The Centers for Disease Control and Prevention’s National Center for Health Statistics have released an interesting study detailing how self-reported sexual activity may be slightly inaccurate.
Not too surprising, I suppose. I’ve heard that self reported activity is often skewed. But I’m somewhat surprised to read this:
Of the nearly 8,000 women in the study who were interviewed confidentially and multiple times for 14 years, 5,340 women reported a pregnancy, and 45 (0.8 percent) of those who reported pregnancies also reported being a virgin. These women had not used assisted reproductive techniques that can artificially induce pregnancy.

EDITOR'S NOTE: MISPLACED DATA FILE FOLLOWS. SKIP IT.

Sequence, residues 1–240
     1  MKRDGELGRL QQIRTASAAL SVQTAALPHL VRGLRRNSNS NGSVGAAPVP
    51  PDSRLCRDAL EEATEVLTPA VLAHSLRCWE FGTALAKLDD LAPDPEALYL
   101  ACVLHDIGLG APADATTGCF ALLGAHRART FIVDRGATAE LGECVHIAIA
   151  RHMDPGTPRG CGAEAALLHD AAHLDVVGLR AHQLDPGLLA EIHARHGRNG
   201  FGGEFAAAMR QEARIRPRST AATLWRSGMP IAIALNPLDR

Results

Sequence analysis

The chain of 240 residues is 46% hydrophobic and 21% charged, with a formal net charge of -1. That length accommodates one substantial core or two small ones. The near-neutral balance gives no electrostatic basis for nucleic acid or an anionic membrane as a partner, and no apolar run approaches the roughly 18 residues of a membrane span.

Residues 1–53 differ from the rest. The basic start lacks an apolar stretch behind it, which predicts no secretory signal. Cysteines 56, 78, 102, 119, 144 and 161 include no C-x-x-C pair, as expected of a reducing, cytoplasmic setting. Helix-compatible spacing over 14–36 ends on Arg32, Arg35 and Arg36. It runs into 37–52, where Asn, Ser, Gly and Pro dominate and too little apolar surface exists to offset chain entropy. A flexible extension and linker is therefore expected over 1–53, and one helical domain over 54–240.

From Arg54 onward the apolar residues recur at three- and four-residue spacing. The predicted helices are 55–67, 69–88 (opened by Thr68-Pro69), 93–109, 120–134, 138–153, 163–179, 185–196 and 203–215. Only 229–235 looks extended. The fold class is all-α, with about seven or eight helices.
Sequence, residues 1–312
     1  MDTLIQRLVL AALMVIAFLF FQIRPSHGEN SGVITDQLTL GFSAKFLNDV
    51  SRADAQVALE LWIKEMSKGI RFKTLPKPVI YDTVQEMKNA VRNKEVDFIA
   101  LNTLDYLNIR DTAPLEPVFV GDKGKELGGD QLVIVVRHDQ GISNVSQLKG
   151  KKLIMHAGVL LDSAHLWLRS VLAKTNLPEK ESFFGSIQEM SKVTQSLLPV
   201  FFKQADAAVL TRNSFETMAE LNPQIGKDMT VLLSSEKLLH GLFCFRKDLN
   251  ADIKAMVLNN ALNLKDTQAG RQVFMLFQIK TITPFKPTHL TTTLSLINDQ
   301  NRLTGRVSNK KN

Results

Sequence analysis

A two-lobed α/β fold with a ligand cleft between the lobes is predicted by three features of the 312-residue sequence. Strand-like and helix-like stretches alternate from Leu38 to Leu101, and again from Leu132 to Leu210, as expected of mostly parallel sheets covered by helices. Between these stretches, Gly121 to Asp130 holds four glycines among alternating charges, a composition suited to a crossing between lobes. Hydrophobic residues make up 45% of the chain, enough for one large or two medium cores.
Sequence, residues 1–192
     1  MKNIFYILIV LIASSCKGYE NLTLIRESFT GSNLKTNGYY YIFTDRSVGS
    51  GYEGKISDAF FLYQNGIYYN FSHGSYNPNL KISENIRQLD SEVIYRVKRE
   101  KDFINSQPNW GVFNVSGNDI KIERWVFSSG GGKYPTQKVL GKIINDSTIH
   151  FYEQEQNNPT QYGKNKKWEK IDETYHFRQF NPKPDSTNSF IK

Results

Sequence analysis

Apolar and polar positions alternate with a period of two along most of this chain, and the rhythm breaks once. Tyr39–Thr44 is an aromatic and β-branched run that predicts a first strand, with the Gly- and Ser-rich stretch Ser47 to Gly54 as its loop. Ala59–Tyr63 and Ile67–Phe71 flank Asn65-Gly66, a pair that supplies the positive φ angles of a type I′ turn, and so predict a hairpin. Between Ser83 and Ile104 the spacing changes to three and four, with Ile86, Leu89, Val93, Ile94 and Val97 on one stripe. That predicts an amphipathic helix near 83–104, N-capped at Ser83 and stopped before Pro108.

The wording of questions is what’s important here:
A lead author explains: The subjects “weren’t asked a question ‘Have you had a virgin pregnancy?'” Rather, the findings were “put together from a series of questions about pregnancy history and vaginal intercourse history.” She adds that it’s possible some of the women “did not want to admit that they had intercourse,” or perhaps misunderstood the questions, seeing as the results are rather “unrealistic.”
Researchers also found a few “virgin” fathers as well.
“Scientists may still face challenges when collecting self-reported data on sensitive topics,” despite taking precautions.